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NEWSLETTER - STATEMENT OF ASSEMBLYMAN AUGUSTUS F. HAWKINS TO
U. S. COMMISSION ON CIVIL RIGHTS - LOS ANGELES
STATE BUILDING - JANUARY 25, 1960
Civil Rights Legislation has produced better living and more opportunities for all in California declared Assemblyman Augustus
F. Hawkins in testifying before the Federal Civil Rights Commission in Los Angeles this week.
"Our State throughout its early history upheld segregation and discrimination", he reminded the Commission, "but in recent
years we have found that Civil Rights pay dividends in both money and a more contented people."
Evidence was then presented to show that the passage of Civil Rights legislation in this State had relieved social tensions,
increased employment, and improved business conditions. Statements were introduced from the State Economic Development Agency
and the State Chamber of Commerce which predict California faces in 1960 one of its "most robust and dynamic years."
"As yet we have not achieved full equality in California", Hawkins said, "but recent declarations of state policy indicate
that we do not support racial and religious discrimination in any phase of our life: employment, housing, public accomodation,
education or any other. Legislation to back up this policy is being enacted rapidly."
Hawkins illustrated the evils involved in discrimination by revealing the practices followed by certain insurance companies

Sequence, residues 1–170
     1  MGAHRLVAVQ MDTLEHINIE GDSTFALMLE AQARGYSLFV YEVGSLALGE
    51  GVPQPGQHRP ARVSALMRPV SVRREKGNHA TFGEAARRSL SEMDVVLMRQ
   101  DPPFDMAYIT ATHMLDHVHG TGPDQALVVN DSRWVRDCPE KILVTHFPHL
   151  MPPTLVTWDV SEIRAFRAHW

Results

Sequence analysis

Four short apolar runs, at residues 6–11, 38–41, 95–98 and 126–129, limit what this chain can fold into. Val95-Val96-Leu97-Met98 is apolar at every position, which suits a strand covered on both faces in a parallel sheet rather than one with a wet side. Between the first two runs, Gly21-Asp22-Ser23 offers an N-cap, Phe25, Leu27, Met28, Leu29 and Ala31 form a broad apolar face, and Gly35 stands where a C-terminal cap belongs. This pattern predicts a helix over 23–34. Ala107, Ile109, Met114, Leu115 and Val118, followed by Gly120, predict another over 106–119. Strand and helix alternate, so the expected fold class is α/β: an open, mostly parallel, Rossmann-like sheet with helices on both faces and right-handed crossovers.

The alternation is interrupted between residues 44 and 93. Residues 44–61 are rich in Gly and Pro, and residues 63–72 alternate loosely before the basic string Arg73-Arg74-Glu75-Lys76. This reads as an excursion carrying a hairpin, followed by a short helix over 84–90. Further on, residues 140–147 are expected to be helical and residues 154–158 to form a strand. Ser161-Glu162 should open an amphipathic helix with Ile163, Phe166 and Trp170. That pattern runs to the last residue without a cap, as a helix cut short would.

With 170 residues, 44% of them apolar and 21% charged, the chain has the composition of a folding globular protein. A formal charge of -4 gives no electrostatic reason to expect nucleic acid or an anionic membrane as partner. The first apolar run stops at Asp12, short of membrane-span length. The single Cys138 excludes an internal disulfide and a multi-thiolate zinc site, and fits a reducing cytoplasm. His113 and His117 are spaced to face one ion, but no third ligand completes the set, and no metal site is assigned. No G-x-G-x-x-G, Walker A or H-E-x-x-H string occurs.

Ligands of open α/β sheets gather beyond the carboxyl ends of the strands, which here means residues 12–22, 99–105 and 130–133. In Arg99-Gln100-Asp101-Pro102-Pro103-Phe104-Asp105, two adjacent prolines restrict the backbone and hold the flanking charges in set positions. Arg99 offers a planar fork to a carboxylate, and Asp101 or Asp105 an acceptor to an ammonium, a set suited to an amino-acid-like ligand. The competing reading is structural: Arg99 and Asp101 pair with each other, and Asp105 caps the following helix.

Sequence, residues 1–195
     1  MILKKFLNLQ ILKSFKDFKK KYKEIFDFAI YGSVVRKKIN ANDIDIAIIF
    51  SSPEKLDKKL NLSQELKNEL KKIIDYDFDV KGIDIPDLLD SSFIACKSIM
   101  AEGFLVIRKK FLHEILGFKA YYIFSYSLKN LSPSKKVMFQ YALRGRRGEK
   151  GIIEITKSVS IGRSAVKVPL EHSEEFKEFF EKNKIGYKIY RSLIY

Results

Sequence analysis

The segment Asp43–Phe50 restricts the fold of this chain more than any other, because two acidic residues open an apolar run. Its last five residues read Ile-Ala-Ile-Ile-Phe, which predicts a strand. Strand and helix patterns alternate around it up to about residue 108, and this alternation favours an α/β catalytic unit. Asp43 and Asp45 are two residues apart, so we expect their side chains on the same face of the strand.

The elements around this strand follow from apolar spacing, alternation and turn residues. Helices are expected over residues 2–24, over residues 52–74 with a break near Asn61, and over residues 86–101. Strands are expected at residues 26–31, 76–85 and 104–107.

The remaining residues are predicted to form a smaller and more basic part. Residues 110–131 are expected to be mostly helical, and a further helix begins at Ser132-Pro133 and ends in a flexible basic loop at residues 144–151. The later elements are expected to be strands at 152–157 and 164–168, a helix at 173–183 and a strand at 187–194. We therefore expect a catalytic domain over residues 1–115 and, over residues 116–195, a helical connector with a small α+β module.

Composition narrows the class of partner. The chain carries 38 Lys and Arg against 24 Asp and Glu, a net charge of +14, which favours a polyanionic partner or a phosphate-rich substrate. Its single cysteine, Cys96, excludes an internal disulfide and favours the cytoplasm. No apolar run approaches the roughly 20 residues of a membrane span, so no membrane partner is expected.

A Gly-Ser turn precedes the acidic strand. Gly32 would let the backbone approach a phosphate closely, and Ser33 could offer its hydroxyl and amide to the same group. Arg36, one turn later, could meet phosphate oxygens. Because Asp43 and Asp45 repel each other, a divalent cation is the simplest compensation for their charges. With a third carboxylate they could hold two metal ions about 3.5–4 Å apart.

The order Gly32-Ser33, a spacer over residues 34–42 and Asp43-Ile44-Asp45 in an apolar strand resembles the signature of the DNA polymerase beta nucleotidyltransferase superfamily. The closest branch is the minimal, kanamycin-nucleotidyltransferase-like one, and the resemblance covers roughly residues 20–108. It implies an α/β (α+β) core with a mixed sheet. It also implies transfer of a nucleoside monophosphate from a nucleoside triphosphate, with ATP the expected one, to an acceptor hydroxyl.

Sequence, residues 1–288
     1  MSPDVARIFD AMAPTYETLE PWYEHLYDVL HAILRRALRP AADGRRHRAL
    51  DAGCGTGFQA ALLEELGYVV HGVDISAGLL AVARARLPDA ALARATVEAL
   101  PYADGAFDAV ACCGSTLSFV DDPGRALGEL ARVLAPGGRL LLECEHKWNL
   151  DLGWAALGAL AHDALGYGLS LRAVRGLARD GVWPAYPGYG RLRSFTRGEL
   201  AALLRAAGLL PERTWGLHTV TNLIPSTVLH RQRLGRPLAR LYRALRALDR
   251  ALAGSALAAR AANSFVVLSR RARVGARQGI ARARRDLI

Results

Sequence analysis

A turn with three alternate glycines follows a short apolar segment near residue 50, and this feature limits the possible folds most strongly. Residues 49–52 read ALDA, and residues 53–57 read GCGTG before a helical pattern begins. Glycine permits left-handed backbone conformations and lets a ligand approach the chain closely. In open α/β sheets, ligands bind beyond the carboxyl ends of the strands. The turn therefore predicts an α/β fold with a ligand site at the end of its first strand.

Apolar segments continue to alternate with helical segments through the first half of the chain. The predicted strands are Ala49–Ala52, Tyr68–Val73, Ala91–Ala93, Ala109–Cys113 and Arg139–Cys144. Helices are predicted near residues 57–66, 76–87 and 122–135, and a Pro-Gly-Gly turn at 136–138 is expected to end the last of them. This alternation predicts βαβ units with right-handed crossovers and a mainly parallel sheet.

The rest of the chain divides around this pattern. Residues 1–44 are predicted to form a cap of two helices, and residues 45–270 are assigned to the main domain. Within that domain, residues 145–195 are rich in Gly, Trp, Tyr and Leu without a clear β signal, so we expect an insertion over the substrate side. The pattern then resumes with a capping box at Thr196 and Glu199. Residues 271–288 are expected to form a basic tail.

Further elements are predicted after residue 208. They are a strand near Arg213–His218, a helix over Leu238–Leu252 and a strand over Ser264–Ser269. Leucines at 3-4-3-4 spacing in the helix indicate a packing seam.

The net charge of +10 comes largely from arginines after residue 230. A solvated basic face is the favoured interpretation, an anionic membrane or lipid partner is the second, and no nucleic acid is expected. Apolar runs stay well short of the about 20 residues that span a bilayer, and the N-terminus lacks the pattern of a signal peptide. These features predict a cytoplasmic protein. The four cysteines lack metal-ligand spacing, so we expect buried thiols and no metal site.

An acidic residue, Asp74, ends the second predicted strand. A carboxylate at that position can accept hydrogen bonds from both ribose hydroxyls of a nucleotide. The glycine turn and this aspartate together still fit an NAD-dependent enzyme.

that refuse to write either fire or automobile insurance in postal zones where minorities live. This discrimination,
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he pointed out is only possible because of housing segregation which forces minority people to live in crowded ghettoes.
Among other evils of the same housing conditions he described are inability to obtain credit or medical care, inferior transportation,
and school "segregation".
Hawkins also disclosed the results of recent studies on registration and voting by Los Angeles' "Eastside" minority population
which revealed a fairly high registration, one comparable to the city average as a whole or between 46 and 49 percent of the
total population. Actual voting among minorities, however, tended to be much lower. The big difference, Hawkins pointed out,
was due primarily to the high mobility of minority people seeking better housing conditions and trying to escape the evils
of segregation. Thus, while they had moved, many persons under California law remained registered even though they had not
voted at their old address.
Assemblyman Hawkins concluded his statement with a summary of State laws passed by the 1959 California Legislature including
Fair Employment Practices (FEPC), Fair Housing, and improvements in our Civil Rights Act. Such legislation, he predicted,
will materially assist our State to maintain a sound economy and become even more prosperous.
The Commission on Civil Rights is conducting hearings in Los Angeles and San Francisco as part of its nation-wide investigation
into voting, housing, employment, education and other phases of the over-all civil rights picture. The hearings, when concluded,
are expected to result in stronger Federal laws to provide equal protection and greater opportunities for all without regard
to race, color or religion.